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Why Turkey's anti-tobacco efforts went up in smoke

Smoking and drug abuse are on the rise among Turks, and experts blame worsening poverty levels and faltering measures on the government’s part.
A Turkish woman smokes at an open air tea house in Istanbul July 14, 2009. Smokers in Turkey tempted to flout an imminent ban in cafes, restaurants and bars will be spared execution as allegedly meted out in 17th-Century Istanbul -- but their Prime Minister has likened cigarettes to terrorism. That's a measure of how strongly Tayyip Erdogan feels about tobacco. Sultan Murad IV is said to have roamed the streets ordering the execution of those who defied a smoking ban aimed at curbing coffee house sedition.

Following the introduction of a strict smoking ban in Turkey in 2008, the great Turkish folk singer Neset Ertas became the first person to publicly challenge then-Prime Minister Recep Tayyip Erdogan over his tough attitude toward smokers. In a television program in 2009, the late Ertas interrupted Erdogan as he spoke on the issue and said, “Those miserable poor people are already beat. Electricity bills unpaid, water bills unpaid, not even bread and olives to eat. The cigarette is the only thing they have left. Don’t meddle with the people’s cigarettes.”

The link Ertas drew between poverty and smoking seems to have been spot on. The ban, which covers workplaces, restaurants and cafes, among other public spaces, proved effective in discouraging smoking in its initial years, but today Turkey is back to ground zero. Drug abuse is also on the rise.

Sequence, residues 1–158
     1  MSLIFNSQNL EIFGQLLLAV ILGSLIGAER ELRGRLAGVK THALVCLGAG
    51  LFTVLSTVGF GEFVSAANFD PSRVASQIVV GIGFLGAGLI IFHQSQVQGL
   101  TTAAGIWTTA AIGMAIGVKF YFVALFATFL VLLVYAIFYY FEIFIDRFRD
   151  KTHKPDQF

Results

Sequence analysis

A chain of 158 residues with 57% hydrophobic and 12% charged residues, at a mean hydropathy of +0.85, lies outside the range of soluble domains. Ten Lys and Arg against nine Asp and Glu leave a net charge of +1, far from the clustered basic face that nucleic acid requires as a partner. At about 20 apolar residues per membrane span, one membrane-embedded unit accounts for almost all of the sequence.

From 2008 to 2011, tobacco consumption in Turkey fell to less than 100 billion cigarettes per year. In 2015, the figure stood at 125 billion, including contraband cigarettes and loose tobacco, according to Elif Dagli from the Turkish Thorax Society’s Tobacco Control Working Group. The smoking rate rose from 39% to 42% among men, and from 12% to 13% among women. The real alarm, however, concerns the young. Compared to the 2003-2012 period, the consumption of cigarettes and other tobacco products in the 13-15 age group increased by 51% and 88%, respectively, Dagli said.

According to Dr. Oguz Kilinc, a professor of medicine who sits on the Turkish Thorax Association’s executive board, the trend's reversal is due mainly to widespread financial strain among the population, a failure to curtail the tobacco supply and the inefficiency of efforts to reduce demand.

“Turkey is the world’s seventh-largest tobacco consumer,” Kilinc told Al-Monitor. "Income disparities, [social] injustice and domestic problems are the main factors [increasing consumption]. It’s the same around the world. Consumption is high among jobless and struggling people. Poverty is the main reason pushing it up."